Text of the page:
In this study, ATP caused a concentration-dependent increase in [Ca2+]i in CHO cells endogenously expressing the P2Y2-receptor, with a potency similar to that reported previously. Furthermore, we have demonstrated that the FlexStation can be used to generate reliable, reproducible data for calcium mobilization assays used to monitor such Gq-coupled GPCRs.
The EC50 estimates for ATP were similar, whether the fluorescent dye Fluo-3 (0.639uM) or Fura-2 (0.639uM) or the FlexStation Calcium Assay Kit (0.651uM) was used, and were consistent between assay plates on the same day, as well as between assays analyzed on different days (less than 0.6 log unit differences). There were, however, significant differences in the dynamic ranges from the three different loading protocols, which is reflected in the corresponding Z-factors. Less than a twofold increase in signal above basal was observed when the cells were loaded with Fluo-3. The most likely cause is the subsequent wash steps in the protocol, reducing cell responsiveness. Using cells of a lower passage number and a dedicated cell-washer (Denley or similar) would probably have improved the Z-factor for Fluo-3 loaded cells. However, under these experimental conditions there was a 5-fold increase in signal observed with Fura-2, despite the cells undergoing a number of wash steps. This could be attributed to the beneficial ratiometric properties of the dye. However, the biggest fold increase in signal and Z-factor was observed with the FlexStation Calcium Assay Kit indicating that this "no-wash", homogeneous assay can lead to stronger signals, higher assay precision and, thus, improved physiological data.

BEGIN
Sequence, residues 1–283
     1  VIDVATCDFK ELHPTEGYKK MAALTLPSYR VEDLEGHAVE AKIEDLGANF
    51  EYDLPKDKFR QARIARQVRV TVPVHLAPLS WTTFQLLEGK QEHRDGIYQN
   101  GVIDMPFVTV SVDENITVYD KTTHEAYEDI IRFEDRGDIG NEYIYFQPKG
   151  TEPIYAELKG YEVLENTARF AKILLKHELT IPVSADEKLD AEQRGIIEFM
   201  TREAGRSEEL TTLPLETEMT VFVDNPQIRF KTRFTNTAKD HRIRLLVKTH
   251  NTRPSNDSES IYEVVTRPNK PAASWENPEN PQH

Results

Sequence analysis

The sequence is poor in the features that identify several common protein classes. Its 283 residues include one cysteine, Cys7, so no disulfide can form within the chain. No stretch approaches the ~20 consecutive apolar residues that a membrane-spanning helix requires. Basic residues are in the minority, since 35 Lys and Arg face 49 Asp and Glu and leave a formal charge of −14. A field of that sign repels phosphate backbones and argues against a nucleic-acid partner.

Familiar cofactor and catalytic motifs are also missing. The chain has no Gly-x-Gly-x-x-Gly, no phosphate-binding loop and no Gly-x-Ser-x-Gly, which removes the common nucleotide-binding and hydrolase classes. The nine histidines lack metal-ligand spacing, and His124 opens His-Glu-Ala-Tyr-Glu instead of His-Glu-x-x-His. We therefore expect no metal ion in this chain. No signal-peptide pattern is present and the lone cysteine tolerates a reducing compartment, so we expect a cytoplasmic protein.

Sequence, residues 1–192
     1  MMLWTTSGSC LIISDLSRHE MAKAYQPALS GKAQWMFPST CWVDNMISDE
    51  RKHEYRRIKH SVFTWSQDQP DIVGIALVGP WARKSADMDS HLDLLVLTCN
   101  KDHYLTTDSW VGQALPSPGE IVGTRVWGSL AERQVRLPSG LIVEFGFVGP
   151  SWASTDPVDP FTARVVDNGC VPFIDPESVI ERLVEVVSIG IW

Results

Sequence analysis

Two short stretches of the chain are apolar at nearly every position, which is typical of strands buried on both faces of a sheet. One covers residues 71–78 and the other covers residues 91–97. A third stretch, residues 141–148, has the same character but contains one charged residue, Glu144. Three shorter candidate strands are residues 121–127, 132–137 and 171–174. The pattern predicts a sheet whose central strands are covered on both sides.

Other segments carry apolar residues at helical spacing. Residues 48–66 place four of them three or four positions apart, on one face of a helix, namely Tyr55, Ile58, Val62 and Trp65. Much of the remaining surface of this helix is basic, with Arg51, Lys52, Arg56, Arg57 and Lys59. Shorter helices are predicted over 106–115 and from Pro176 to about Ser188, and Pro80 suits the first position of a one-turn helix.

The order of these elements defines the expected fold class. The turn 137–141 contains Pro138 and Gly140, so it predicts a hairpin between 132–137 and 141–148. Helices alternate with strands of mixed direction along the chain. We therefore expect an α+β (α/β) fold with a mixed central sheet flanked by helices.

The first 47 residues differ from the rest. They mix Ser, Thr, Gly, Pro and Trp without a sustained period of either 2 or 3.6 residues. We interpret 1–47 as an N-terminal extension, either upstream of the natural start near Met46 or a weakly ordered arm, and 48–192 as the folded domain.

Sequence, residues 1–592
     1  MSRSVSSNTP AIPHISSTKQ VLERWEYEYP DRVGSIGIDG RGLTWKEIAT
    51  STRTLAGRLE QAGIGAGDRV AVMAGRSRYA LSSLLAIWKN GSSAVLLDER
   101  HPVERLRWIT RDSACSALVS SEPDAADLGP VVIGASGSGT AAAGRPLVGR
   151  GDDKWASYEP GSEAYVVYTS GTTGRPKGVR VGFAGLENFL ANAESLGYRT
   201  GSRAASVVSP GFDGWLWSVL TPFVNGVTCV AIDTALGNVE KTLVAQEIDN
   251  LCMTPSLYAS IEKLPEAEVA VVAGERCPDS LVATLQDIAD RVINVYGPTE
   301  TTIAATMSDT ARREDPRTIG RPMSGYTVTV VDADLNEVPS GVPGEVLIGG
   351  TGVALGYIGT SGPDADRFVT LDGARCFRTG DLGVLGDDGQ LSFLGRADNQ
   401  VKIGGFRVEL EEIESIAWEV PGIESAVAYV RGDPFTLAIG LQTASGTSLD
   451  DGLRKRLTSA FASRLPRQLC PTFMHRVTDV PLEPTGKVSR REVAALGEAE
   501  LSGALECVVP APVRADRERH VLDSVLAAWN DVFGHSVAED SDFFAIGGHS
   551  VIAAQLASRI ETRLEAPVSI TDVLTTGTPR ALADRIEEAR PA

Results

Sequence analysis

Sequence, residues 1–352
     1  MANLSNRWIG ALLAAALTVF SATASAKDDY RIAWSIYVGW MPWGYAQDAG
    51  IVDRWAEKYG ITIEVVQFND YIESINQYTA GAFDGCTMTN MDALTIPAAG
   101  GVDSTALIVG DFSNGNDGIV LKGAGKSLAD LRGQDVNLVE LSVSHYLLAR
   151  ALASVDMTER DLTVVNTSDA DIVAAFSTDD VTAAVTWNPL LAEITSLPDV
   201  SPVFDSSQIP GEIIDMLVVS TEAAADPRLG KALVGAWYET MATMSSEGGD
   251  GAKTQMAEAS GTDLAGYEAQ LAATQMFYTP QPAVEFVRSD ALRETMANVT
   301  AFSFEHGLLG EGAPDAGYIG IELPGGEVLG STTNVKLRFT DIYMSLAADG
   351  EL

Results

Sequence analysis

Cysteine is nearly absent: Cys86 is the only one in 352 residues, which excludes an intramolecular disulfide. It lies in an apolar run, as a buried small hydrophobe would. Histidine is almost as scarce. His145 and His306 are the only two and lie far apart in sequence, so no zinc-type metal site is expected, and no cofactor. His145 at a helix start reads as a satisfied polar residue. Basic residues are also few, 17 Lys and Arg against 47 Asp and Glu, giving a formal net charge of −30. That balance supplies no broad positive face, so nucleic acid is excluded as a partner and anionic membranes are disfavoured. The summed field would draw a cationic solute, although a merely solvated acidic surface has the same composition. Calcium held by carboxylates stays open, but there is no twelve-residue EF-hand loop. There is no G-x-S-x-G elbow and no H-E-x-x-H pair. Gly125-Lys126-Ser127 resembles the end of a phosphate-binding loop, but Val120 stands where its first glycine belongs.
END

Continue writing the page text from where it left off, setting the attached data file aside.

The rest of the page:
In conclusion, FlexStation provides an easy to use, ver